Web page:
John Donne’s Holy Sonnet 9. Poem Analysis

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John Donne’s Holy Sonnet 9. Poem Analysis

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Table of Contents

  • John Donne’s Holy Sonnet 9 Analysis
  • The Impact of John Donne's on His Place in Society
  • The Tone Variation in John Donne's Holy Sonnet 9
  • Writing Style of Holy Sonnet 9
  • Concluding Thoughts on the Sonnet Analysis

John Donne’s Holy Sonnet 9 Analysis

“If Poisonous Minerals,” is Holy Sonnet 9 written by John Donne. In this Sonnet, a religious man is having a conversation with God and questions him as to why humans are being punished for their sins when God’s other creations have sinned as well. He soon stops questioning God and asks him to forgive him for his sins because God is so merciful. The central idea is that God is forgiving. In order to understand this Sonnet, the reader must know about John Donne’s life and how it impacted his societal role, the tone, and the writing styles used.

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The Impact of John Donne's on His Place in Society

John Donne’s life had an impact on his societal role. His writings portray his experiences throughout his life and with religion itself. Donne was born in London, England in 1572. He was known as the founder of metaphysical poets, poets whose work was characterized by the use of conceits, along with some other poets such as George Herbert and Richard Crashaw. Donne startles his readers by turning his knowledge of religion into long metaphors. His influence of his writings come from his experience from “[the] period of theological and political unrest for both England and France” (“John”) causing the Protestant Massacre. Being born into a Roman Catholic family, caused his passion for religion to grow. Donne studied at both Oxford and Cambridge but didn’t get his degree due to his religious beliefs. He joined the Anglican Church two years later after being religiously pressured. Secretly marrying Anne More, the niece of Lady Egerton, Donne’s father in law did not approve and got Donne put in jail. After he was released, the two ran away together. More and Donne spent a good while together and soon after she died, Donne became full of grief and dedicated himself to his poetry. John Donne later became the dean of Saint Paul’s Cathedral in 1621. As he grew older, Donne’s writing displayed his fear of death. He became very passionate and interested in death. Donne later passed away on March 31, 1631 and was buried at the Saint Paul’s Cathedral. John Donne uses his experiences to present a message to the people and wanted people to view God the way he did.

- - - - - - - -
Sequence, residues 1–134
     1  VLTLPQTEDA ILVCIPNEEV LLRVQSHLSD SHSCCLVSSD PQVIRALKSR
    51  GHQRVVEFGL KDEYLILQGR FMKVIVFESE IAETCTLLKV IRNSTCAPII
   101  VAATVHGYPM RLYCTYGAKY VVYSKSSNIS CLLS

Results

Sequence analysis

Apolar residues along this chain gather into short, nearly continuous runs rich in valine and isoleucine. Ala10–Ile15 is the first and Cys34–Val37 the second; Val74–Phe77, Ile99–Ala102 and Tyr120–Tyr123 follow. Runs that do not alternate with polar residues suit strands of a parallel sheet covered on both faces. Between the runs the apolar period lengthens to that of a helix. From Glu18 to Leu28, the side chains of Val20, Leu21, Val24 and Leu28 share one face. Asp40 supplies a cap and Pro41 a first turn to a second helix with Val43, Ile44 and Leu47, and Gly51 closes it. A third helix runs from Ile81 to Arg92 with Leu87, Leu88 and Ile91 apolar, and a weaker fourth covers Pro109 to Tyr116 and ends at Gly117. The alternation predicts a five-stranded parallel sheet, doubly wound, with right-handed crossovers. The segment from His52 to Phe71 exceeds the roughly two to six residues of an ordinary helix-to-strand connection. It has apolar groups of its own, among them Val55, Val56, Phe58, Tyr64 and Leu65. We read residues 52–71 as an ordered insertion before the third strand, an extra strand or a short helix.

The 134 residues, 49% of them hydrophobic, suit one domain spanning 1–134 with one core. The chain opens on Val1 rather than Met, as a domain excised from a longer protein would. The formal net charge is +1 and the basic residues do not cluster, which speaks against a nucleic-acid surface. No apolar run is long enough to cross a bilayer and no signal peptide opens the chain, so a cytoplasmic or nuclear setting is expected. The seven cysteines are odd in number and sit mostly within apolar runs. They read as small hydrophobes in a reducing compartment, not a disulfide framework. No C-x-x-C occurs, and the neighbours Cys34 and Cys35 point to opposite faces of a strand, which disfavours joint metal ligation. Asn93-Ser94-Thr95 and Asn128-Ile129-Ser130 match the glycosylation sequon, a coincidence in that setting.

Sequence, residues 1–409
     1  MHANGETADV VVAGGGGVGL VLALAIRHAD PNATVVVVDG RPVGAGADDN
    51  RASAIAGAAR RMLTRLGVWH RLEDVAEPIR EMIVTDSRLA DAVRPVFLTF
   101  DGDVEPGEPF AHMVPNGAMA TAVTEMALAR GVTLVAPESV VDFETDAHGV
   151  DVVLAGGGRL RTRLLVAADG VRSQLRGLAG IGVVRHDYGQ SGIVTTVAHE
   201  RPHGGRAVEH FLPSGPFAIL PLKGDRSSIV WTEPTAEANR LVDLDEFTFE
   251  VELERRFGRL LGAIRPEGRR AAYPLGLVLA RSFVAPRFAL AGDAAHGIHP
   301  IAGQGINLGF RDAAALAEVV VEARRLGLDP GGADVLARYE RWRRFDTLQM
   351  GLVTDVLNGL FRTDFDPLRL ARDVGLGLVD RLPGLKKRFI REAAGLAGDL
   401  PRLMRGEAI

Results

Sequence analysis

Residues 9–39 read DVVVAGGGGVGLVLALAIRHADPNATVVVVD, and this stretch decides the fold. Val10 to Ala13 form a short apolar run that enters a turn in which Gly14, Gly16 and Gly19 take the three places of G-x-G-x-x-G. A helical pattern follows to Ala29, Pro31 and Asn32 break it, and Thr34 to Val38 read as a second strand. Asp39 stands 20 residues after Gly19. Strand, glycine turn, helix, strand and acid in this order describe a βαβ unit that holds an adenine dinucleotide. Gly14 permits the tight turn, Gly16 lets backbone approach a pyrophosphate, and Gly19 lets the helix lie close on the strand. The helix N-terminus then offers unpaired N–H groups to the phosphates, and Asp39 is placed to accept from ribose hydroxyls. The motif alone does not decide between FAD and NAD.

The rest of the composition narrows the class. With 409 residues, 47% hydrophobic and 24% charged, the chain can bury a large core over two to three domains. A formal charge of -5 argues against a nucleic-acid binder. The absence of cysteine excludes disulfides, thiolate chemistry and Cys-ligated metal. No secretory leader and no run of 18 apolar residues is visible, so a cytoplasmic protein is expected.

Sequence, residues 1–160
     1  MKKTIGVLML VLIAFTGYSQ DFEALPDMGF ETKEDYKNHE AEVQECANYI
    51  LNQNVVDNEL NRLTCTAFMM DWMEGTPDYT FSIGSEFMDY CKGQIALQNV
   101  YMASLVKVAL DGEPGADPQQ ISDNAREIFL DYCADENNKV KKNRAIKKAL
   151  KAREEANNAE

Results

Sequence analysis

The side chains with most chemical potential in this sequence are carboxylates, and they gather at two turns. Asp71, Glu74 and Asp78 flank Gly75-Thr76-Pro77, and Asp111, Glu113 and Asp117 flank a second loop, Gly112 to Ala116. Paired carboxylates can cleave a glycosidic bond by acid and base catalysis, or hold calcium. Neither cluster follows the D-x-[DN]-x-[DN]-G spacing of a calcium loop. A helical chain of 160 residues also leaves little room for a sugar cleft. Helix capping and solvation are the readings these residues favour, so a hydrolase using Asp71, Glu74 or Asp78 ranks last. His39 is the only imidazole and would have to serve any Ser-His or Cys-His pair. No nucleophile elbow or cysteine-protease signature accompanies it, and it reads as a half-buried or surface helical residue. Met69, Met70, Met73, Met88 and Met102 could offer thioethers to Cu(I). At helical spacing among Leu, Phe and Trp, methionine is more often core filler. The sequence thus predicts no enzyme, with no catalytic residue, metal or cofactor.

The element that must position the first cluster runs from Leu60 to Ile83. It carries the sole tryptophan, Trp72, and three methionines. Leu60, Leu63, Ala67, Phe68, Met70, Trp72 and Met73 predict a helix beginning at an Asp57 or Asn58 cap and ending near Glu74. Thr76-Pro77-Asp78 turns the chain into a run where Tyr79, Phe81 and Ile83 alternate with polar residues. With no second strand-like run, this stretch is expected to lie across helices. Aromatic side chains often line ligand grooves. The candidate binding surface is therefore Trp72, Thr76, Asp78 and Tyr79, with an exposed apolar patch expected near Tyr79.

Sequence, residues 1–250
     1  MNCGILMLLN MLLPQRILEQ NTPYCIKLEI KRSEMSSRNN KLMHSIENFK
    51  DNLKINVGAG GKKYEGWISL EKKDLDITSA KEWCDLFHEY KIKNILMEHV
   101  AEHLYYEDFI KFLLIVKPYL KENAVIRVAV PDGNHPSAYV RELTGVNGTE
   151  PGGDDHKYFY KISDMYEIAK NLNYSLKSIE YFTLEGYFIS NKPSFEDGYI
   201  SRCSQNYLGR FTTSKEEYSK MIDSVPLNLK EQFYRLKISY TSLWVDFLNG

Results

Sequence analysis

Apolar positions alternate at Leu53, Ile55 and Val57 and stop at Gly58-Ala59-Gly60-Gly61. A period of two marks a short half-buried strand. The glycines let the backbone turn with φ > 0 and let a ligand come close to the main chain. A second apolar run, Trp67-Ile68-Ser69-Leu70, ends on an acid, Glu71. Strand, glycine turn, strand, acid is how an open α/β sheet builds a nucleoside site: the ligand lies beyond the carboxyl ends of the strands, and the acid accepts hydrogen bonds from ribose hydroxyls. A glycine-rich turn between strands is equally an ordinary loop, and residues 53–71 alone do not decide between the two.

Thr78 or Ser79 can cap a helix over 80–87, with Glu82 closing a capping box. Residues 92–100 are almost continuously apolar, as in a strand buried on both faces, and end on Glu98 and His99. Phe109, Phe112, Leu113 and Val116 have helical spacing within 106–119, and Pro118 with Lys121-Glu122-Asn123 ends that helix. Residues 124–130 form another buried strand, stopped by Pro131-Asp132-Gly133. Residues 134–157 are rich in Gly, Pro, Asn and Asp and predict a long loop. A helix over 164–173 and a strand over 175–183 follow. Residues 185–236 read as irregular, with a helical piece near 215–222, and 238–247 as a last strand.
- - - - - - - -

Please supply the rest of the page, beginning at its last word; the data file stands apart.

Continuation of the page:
The Tone Variation in John Donne's Holy Sonnet 9

There is a very passionate tone all throughout the Sonnet as well as a shift in tones. Donne’s Sonnets provide an anxious attention allowing the readers to reach “the final destiny of the speaker's soul” (Young 14). In the beginning of the Sonnet, the tone is more anxious and uneasy and shifts into a more remorseful tone towards the end. For example, in the third and fourth lines the speaker asks, “If lecherous goats, if serpents envious Cannot be damned, alas, why should I be?” (Donne 1412; 2-4). The speaker is confused and curious as to why the snake from the Garden of Eve was not punished but God punished Adam and Eve. As we continue the Sonnet, the speaker comes to a realization. He questions himself “But who am I, that dare dispute with thee” (Donne 1412; 9). The speaker realizes after criticizing God that he is in no position to question God’s doings. In the end of the Sonnet, the speaker asks God to not only forgive his sins but to forget him too. John Donne’s shift in tones emphasizes his thoughts and communications with God as well as the main idea he is trying to get across.

Writing Style of Holy Sonnet 9

Donne’s writing style in Holy Sonnet 9 is different compared to his other Sonnets. This Sonnet follows the Italian structure of ABBA ABBA with end variation of ABBA CC. For instance, if we look at the ending of lines five through eight, we can see the ABBA pattern. In line 5, the word “me” rhymes with the word “he” in line 8; In line 6, the word “heinous” rhymes with the word “glorious” in line 7. The CC pattern can also be observed in the last two lines of the Sonnet because “debt” and “forget” rhyme with each other without any other lines in between. The Italian Sonnet allows a “stanza of eight lines (an octave) that contains a complete thought” leaving the rest six lines (a sestet) to form the conclusion “which is characteristically both unpredictable and intense” (Bloom 14). The use of the Italian Sonnet structure allows Donne to comment or offer a solution to the problem. In this case, the speakers problem is that God punishes humans more than any of God’s other creations; The solution to the problem is that he wants God to forgive and forget him. This Sonnet also has 10 syllables per line, also known as iambic pentameter. The use of the iambic pentameter creates a rhythm in the Sonnet allowing it to flow easy and making the speaker’s appeal more apparent.

Concluding Thoughts on the Sonnet Analysis

Understanding John Donne’s background information, what the tone is, and the writing style Donne uses, the reader will be able to better understand the Sonnet. Being able to identify the shifts in tone will allow the readers to sympathize with the speaker’s voice. Once the writing styles have been established, the readers can comprehend the purpose of the Sonnet.

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